Quantum Watch: Neutral Atoms Draw Growing Attention as Promising Qubit Technology

By John Russell

January 25, 2022

Currently, there are many qubit technologies vying for sway in quantum computing. So far, superconducting (IBM, Google) and trapped ion (IonQ, Quantinuum) have dominated the conversation. Microsoft’s proposed topological qubit, which relies on the existence of a still-unproven particle (Majorana), may be the most intriguing. Recently, neutral atom approaches have quickened pulses in the quantum community. Advocates argue the technology is inherently more scalable, offers longer coherence times (key for error correction), and they point to proof-of-concept 100-qubit systems that have already been built.

Atom Computing, founded in 2018, is one of the neutral atom quantum computing pioneers. Last week, it announced a successful Series B funding round ($60M). It currently has a 100-qubit system (Phoenix) and says it will use the latest cash infusion to build its launch system (Valkyrie) which will be much larger (qubit count) and likely be formally announced in 2022 and brought to market in 2023. It’s also touting 40-second coherence (nuclear spin qubit), which the company says is a world record.

Rob Hays, CEO, Atom Computing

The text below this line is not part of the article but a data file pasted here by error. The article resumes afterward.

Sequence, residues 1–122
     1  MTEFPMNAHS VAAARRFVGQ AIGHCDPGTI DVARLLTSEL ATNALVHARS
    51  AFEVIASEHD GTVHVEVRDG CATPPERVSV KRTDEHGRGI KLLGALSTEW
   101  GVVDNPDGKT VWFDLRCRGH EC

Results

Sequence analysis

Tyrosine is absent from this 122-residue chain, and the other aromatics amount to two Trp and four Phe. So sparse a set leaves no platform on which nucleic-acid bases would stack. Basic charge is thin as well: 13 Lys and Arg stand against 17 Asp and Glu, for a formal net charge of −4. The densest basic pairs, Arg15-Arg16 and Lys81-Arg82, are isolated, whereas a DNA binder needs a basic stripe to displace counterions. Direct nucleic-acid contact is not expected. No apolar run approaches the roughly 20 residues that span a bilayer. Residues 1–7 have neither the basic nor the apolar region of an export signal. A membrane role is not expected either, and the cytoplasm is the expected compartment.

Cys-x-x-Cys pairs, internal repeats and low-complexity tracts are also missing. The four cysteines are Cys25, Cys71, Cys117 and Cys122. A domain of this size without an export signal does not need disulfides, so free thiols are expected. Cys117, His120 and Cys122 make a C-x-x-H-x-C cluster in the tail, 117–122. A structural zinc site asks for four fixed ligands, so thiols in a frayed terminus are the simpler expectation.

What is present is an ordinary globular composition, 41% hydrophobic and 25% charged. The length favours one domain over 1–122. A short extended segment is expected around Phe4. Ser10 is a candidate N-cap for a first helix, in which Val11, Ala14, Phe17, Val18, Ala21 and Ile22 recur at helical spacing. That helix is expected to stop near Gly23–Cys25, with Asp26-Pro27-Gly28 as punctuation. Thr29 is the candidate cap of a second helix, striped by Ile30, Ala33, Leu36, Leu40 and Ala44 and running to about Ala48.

“Our first product will launch as a cloud service initially, probably with a partner. And we know which one or two partners want to go with, and just haven’t signed any contracts yet. We’re still kind of negotiating the T’s and C’s,” said Rob Hays, Atom Computing’s relatively new (July ’21) CEO and president. Most recently, Hays was the chief strategy officer at Lenovo. Before that, he spent 20-plus years in Intel’s datacenter group, working on Xeon, GPUs and OmniPath products.

Company founder Ben Bloom shifted to CTO with Hays’ arrival. Bloom’s Ph.D. work was cold atom quantum research, done with Jun Ye at the University Colorado. Notably, Ye recently won the 2022 Breakthrough Prize in Fundamental Physics[i] for “outstanding contributions to the invention and development of the optical lattice clock, which enables precision tests of the fundamental laws of nature.” Ye is on Atom’s science advisory. Company headcount is now roughly 40, and the next leg in its journey is to bring a commercial neutral atom to market.

If this formula sounds familiar, that’s because it is. There’s been a proliferation of quantum computing startups founded by prominent quantum researchers who, after producing POC systems, bring on veteran electronics industry executives to grow the company. (Link to a growing list of quantum computing/communication companies).

All of the newer emerging qubit technologies are drawing attention. Quantum market watcher Bob Sorensen of Hyperion Research told HPCwire, “I am somewhat of a fan of neutral atom qubit technology. It’s room temp, it has impressive coherence times, but to me, most importantly, it shows good promise for scaling to a large single qubit processor. Atom, along with and France’s Pasqal, are committed to the technology and are they getting the funding and additional support to keep on their development and deployment track. So we do need to keep an eye on their progress.”

So what is neutral atom-based quantum computing? Bloom and Hays recently briefed HPCwire on the company’s technology and plans.